The First Nowell
Hymns and Carols are the two main sources for the melodies that are associated with traditional Christmas music. While hymns are predominately sacred, the historical roots of carols are in religious and pagan folk music and dance. The latter association with pagan and dance music has throughout history brought carols alternatively in and out of favor with Christmas worship. Fortunately, interest in Christmas music has grown in the 20th century, and has led to the popularity it presently enjoys.
Noels (the French spelling) are old but enduring carols that often tell a ballad-like story. Nowells (English spelling) are likely derived from and developed by English wandering minstrels. Both Carols and Nowells are often in 3/4 meter, lending themselves to dance. The First Nowell is one of a few carols that survived a ban on Christmas by the English Parliament in 1645. The tune is one of the oldest Ballad Carols, perhaps dating back to 1500, and likely originating in England. This arrangement of The First Nowell has multiple settings of the 3/4 time melody.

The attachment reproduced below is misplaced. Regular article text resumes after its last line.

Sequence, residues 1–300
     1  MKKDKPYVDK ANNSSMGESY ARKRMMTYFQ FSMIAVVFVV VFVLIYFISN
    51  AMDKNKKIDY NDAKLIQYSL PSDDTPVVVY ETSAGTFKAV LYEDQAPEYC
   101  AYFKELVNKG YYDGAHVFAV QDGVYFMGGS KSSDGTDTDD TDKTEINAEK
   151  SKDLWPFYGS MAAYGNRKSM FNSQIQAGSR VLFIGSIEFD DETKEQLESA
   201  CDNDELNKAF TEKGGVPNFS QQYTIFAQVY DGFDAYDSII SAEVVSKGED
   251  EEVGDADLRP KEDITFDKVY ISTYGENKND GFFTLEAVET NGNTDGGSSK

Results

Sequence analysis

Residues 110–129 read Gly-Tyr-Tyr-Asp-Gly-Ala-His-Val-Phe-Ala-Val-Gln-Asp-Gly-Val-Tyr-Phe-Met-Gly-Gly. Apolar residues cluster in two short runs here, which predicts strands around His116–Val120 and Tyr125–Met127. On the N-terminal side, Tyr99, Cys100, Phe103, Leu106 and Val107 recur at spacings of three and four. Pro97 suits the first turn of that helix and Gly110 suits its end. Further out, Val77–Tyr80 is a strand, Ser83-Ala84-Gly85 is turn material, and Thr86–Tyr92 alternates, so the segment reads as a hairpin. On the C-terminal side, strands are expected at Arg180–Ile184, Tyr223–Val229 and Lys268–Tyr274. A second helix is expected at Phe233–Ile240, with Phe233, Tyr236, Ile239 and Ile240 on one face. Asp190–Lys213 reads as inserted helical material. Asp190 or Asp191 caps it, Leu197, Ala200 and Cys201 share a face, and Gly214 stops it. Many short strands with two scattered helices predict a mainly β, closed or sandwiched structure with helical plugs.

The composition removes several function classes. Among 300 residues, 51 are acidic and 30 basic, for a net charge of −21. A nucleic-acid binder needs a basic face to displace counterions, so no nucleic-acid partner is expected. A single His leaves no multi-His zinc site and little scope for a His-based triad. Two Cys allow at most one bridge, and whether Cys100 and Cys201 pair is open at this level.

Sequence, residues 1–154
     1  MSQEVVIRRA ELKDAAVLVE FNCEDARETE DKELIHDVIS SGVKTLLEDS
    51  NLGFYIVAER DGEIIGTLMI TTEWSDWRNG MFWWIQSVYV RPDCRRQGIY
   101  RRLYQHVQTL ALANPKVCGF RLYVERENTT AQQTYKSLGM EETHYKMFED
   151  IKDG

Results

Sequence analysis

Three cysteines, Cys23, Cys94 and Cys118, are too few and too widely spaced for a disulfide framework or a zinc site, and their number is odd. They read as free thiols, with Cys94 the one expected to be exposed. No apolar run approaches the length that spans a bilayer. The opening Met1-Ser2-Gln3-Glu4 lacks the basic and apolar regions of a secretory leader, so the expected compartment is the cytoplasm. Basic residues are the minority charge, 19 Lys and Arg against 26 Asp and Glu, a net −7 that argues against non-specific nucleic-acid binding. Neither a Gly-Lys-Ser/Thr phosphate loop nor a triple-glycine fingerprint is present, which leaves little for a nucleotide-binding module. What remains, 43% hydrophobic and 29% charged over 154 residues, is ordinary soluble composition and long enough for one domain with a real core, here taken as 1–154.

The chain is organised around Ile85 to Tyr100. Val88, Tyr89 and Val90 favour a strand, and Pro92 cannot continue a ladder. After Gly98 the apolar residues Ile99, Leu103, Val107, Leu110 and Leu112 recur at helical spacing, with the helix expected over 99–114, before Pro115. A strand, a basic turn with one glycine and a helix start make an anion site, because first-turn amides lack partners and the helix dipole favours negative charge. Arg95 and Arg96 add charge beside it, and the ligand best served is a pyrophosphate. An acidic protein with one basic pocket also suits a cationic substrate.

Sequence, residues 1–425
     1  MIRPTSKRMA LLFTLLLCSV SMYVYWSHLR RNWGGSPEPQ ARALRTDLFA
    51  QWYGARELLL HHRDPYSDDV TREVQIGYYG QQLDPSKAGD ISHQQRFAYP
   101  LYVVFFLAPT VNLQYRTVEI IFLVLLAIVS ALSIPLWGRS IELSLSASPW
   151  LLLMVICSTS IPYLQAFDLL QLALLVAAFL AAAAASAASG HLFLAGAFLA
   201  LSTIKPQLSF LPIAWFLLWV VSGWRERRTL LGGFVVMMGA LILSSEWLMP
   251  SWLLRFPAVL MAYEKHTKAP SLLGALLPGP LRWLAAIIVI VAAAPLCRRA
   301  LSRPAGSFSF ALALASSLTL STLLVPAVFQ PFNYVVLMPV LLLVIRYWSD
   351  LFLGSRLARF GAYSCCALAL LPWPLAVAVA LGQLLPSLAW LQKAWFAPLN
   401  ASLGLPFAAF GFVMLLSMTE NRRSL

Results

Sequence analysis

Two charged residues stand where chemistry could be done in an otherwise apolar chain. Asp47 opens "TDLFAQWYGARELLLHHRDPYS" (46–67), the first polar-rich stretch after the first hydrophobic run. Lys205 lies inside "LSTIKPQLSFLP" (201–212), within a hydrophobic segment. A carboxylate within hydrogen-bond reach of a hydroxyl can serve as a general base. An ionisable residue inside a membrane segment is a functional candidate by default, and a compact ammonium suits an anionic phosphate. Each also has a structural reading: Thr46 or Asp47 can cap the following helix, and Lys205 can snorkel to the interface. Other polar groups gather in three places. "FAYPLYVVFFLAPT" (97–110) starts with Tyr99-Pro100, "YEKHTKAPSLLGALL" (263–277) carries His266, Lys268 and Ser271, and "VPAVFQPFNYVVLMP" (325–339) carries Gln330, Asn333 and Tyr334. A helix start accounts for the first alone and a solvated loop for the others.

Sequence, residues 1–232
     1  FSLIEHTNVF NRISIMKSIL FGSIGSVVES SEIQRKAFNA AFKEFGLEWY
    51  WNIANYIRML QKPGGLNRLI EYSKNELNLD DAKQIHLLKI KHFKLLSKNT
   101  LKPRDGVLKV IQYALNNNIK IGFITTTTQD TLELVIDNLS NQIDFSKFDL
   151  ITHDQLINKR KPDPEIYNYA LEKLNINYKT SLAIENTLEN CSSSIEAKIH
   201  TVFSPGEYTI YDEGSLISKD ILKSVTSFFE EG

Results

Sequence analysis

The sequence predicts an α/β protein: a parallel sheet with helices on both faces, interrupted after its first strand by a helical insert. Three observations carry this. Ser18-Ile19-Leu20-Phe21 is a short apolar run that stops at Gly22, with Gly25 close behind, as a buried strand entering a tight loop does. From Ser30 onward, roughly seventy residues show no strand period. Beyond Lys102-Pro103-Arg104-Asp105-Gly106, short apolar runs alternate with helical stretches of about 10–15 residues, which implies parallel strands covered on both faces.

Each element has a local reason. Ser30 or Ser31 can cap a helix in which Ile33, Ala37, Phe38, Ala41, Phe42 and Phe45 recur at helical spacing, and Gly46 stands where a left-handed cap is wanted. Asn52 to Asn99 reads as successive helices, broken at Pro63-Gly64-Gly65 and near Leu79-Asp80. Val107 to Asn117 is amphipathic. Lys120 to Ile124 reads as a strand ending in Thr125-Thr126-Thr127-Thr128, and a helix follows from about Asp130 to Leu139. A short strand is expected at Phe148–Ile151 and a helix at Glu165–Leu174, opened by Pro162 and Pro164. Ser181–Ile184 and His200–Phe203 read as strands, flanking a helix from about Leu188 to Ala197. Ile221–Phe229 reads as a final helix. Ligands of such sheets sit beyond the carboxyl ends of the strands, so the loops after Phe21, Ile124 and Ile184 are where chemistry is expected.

This arrangement for saxophone quartet, rather than favoring a soprano solo with accompaniment, strives to include all the players in the music making, particularly by distributing melodic material. In addition, all dynamics and articulations should be taken as suggestions only, as performers are encouraged to make their own interpretations.
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